Tony Woodcock shouldn't have been surprised to find himself on a drip in an Auckland hospital last week instead of preparing for the All Blacks first test against France.
Anything that could have gone wrong this year for the veteran loose head this year has and the infected abscess in his nose was just another hiccup.
"It was just a bit of an infection that got out of hand and needed a strong dose of antibiotics to knock it on the head really," Woodcock said yesterday after being named in the reserves for the second test in Christchurch. "They actually chucked me on a drip and got some good antibiotics in. I thought so [it was a bit dramatic], but the lady who cut it open was pretty good about it as well."
Just what caused his beak to blow up is unclear, but if it was the stress of a season that's never really got going it would be understandable.
His move south to the Highlanders has been a tortuous affair with the team losing 11 of 13 matches.
Woodcock has managed only eight appearances due to a series of problems with his hamstrings. And he even had the misfortune of missing the one bright spot of the Highlanders season when they hammered the Blues 38-28 two weeks ago.
"It has been a tough season. When your team is not winning and things aren't going as you'd like it is frustrating," he said. "But that's life, you have to get on with it and keep improving and trying, and basically, just get on with it."
Woodcock, a 96 test veteran and long rated as one of the best loose-head props in world rugby, said his leg problems had been tracked back to tightness in his back caused by long haul flights.
"Yeah, I've had a couple of niggles this year. Really minor ones, so I'm not too worried about it. It's just come from a bit of travel and a bit of back tightness on the flight back from Perth," he said. "I think it's all tied up, long travel, I cramped up on the plane and I guess it tied up from there."
The 34-year-old's struggles have seen some commentators wonder if age had not caught up with the old warrior's legs and wearied his mind in his eleventh test season.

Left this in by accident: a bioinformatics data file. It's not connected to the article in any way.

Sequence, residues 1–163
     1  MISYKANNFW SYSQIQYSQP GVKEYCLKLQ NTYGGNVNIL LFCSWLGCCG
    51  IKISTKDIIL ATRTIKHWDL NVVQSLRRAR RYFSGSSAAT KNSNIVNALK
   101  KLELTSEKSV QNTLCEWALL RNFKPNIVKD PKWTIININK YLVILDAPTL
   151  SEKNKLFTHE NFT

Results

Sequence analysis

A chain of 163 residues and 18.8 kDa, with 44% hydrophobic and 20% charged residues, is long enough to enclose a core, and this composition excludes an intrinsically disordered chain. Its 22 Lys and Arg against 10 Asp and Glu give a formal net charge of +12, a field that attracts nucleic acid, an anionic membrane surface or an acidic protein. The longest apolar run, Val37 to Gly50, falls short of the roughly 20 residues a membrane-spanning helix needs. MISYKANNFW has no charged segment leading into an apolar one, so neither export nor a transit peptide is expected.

All Blacks coach Steve Hansen doesn't see it that way.
"If you'd seen his nose last week you'd definitely say he hadn't had a happy year, pussy thing that it was," he smiled. "That summed his year up. He's come back and played and had two or three games and got injured, and in this case he's had his nose and ended up in hospital for two days.
"It's tested him physically. When you pull your hamstring that's got nothing to do with mental, when you have a big snotty abscess in your nose, I don't think that's mental. I think physically he's battled to get out on the park and that makes it really difficult."
And while Woodcock has to play second fiddle to Wyatt Crockett tomorrow night, Hansen suggested he will press hard for a recall as the year progresses.
"Front row is difficult. They need to play at least three games before they're comfortable at scrum time. We are putting a lot of work into him and the others who aren't starting, so maybe we can get away with two.
"I'm expecting Woody to flourish in this environment, he always has, he's played well and he's one of the best loose head props in world rugby. He's still got plenty of miles in him.
"Is there a chance for him to start? Yeah there is, but what he is going to need is a continual run of form. If we can get four, five, six, seven, eight games into him then I think we'll see the real Tony Woodcock."
- The Dominion Post
Which three first-fives would you have taken on the All Blacks' northern tour?